The colour purple
Country Life UK|September 08, 2021
With gleaming skin and a plump, elongated shape, the versatile aubergine offers subtle, yet luscious succour to countless dishes, says Tom Parker Bowles
Tom Parker Bowles

DESPITE its slick, glossy sheen and generously abundant curves, the aubergine is decidedly modest, shy rather than showy, entirely happy in the supporting role. For this is one of those ingredients (and it is botanically a fruit, rather than a vegetable) that feels no need to shout, lacking the chilli’s roar or lemon’s bite. No, the aubergine has a gentle, subtle appeal, offering luscious succour to flavours more strident than its own.

That’s not to say it’s a second-tier ingredient, however. Far from it, the aubergine plays an essential role in cuisines the world over: Mediterranean hero, Indian stalwart and staple of the East, Near, Far and Middle alike. From smoky Gujarati ringan no odo to Greek moussaka; Afghani turshi bonjon-e-sia pickle to Thai yam makeua yao (aubergine salad); Turkish Imam bayildi (meaning ‘The Imam fainted,’ although whether from delight at the dish or shock at the cost of the oil used, no one is entirely sure) to Italian melanzane alla parmigiana. The aubergine is an astonishingly versatile fruit.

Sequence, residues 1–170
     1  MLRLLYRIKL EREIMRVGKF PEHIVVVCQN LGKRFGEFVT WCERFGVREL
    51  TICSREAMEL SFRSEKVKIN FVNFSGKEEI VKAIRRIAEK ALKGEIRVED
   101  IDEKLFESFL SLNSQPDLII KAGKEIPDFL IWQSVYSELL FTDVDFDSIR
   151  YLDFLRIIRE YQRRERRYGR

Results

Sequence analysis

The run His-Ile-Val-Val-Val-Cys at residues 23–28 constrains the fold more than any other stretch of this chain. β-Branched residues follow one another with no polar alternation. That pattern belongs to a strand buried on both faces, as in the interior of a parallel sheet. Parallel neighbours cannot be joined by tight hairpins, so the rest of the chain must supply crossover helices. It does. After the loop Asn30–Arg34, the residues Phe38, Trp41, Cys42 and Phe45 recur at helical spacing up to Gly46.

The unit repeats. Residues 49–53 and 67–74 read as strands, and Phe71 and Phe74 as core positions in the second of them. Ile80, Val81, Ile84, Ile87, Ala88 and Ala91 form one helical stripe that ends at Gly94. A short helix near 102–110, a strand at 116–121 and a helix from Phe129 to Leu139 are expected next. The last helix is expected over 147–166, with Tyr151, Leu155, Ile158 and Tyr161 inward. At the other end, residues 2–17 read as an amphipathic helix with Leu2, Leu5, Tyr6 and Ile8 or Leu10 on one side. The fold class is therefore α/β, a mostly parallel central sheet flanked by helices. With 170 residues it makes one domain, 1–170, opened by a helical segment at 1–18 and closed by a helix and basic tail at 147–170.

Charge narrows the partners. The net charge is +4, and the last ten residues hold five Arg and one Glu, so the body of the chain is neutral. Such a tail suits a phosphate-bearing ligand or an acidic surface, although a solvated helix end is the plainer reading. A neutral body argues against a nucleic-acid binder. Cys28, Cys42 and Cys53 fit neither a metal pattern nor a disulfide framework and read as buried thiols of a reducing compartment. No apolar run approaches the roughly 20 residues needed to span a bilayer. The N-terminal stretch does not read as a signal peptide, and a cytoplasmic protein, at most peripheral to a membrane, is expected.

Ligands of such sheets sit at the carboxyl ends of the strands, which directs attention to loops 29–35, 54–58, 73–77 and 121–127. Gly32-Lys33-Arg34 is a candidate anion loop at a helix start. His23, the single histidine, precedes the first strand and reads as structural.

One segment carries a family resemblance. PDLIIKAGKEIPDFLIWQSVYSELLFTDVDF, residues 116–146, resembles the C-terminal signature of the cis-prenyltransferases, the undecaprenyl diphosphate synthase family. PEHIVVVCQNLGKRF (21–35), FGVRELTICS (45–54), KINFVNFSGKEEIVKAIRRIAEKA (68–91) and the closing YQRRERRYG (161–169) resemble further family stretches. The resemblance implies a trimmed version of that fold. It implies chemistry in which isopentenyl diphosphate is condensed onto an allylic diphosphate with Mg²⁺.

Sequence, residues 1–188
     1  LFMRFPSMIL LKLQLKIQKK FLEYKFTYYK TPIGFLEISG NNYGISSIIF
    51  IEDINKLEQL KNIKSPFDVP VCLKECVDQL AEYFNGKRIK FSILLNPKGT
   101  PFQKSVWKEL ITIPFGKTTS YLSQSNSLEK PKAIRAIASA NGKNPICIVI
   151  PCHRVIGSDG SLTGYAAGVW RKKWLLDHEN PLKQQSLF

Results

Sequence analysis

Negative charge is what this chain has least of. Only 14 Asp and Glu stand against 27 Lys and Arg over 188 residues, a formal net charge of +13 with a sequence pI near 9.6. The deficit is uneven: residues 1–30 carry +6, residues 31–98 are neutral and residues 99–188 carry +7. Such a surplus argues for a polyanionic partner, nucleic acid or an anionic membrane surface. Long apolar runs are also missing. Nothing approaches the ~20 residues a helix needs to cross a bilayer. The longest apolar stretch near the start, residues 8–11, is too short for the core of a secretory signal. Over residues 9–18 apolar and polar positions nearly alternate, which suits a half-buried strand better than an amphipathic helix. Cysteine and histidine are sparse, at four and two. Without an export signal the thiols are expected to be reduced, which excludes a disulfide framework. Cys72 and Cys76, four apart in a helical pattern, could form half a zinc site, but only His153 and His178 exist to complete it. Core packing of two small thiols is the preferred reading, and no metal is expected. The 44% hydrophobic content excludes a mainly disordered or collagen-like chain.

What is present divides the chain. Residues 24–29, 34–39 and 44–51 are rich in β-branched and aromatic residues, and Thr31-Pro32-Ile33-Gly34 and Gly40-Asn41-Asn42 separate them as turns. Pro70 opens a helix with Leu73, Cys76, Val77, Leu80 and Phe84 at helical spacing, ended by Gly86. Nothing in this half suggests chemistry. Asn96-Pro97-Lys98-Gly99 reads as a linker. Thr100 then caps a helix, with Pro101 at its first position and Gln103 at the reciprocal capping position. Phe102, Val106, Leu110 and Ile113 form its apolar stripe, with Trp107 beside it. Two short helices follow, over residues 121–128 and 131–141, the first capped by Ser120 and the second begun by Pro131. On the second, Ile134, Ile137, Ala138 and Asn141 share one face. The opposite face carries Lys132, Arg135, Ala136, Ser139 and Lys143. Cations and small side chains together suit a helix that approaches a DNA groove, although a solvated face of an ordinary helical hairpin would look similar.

And one that transforms, with the application of heat, from raw and stolid to soft and silken. As seen so beautifully in nasu dengaku, that Japanese classic, where the aubergine is sliced in half, slashed, then slathered with a mix of miso, mirin, sake and soy sauce, before being slid under a raging grill. The result is sweet, savoury and utterly beguiling—culinary alchemy at its best.

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